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October 13 - 15


Machine Learning

What is your ML score?

Tania Allard   

Machine learning in production is different to ML in R&D environment. Often some issues only arise when deploying ML solutions to production or to staging environments. So how can you test your ML models successfully before even reaching a production stage? This session will present a number of techniques to test your ML quality and decay in both your R&D and production environments appropriately. We will present examples of issues commonly encountered in the ML area and how to test and monitor your data, model development and infrastructure.


Using machine learning in real-world applications and production systems is a very complex task involving issues rarely encountered in toy problems, R&D environments, or offline cases.

Testing, monitoring, and logging are key considerations for assessing the decay, current status and production-readiness of machine learning systems. But how much of these is enough? Where do we even get started? Who should be responsible for the testing and the monitoring? How often have you heard the phrase “test in production” when it comes to machine learning? If your answer is: “too often” perhaps you need to change your strategy.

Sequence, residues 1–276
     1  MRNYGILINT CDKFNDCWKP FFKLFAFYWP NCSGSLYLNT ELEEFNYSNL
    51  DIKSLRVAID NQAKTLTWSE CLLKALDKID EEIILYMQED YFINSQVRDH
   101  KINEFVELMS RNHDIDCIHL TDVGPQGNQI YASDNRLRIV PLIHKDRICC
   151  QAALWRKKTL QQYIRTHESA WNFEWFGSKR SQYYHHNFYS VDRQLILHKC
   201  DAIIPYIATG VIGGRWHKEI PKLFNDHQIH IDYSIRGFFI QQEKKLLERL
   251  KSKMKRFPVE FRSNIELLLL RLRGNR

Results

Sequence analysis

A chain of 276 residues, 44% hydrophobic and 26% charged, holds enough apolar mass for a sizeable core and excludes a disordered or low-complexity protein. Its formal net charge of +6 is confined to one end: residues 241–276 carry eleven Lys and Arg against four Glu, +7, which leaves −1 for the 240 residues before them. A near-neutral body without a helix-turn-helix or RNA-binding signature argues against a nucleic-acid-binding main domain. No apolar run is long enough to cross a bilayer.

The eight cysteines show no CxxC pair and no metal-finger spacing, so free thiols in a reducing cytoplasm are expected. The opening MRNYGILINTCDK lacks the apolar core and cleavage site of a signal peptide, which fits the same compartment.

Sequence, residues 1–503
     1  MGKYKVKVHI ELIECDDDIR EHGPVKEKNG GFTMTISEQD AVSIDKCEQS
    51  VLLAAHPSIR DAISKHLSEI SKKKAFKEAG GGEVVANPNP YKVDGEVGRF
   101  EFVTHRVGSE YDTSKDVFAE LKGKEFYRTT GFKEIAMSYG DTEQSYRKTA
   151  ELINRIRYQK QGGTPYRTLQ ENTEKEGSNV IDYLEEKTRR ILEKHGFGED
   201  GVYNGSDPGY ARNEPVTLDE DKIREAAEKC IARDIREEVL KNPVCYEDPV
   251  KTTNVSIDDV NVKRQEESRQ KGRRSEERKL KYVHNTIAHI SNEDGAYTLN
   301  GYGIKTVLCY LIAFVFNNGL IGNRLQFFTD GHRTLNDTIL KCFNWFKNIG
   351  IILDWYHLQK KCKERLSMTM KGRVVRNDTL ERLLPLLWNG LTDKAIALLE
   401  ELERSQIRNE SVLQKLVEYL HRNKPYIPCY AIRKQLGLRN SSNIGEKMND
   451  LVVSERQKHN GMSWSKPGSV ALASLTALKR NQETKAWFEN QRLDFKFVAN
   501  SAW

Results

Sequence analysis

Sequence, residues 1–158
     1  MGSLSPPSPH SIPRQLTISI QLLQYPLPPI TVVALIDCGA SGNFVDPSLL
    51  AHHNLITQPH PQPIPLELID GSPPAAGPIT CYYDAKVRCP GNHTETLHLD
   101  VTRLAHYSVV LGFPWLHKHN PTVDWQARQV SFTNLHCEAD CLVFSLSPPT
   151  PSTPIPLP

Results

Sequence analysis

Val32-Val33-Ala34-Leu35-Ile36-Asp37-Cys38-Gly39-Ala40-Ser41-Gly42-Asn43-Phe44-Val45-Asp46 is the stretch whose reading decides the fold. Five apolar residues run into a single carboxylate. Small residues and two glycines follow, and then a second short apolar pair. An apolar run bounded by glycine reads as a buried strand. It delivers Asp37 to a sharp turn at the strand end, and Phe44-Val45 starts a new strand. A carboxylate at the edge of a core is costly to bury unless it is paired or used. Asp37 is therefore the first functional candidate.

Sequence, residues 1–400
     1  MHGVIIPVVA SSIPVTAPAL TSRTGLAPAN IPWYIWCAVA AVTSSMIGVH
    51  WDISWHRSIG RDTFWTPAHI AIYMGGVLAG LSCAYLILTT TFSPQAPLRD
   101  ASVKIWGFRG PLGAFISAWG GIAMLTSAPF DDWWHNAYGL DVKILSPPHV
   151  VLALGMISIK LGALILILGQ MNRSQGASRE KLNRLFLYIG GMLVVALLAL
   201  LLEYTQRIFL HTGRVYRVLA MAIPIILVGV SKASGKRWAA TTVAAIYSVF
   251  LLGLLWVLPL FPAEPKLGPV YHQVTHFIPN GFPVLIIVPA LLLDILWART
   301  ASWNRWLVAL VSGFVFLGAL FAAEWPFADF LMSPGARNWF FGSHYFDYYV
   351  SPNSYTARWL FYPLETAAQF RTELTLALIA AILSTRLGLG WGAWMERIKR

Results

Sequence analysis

We will cover some of the most frequent issues encountered in real-life ML applications and how we can make our systems more robust. We will also consider a number of indicators pointing to decay of models or algorithms in production systems.

By the end of the talk, the audience will have a clear rubric with actionable tests and examples to ensure that the quality or a model in production is adequate. It will also provide valuable guidelines to help engineers, DevOps, and data scientist to evaluate and improve the quality of ML models before they even reach production stage.

Who and why?

Data scientists, machine learning / reseach engineer and data engineers working with Machine Learning at scale or in real life systems. Any software engineer working in data-intensive applications.

Basic knowledge of data and machine learning is needed.

By the end of the talk, the attendees should have a set of actionable tasks that will help them to improve the quality of their machine learning models in production.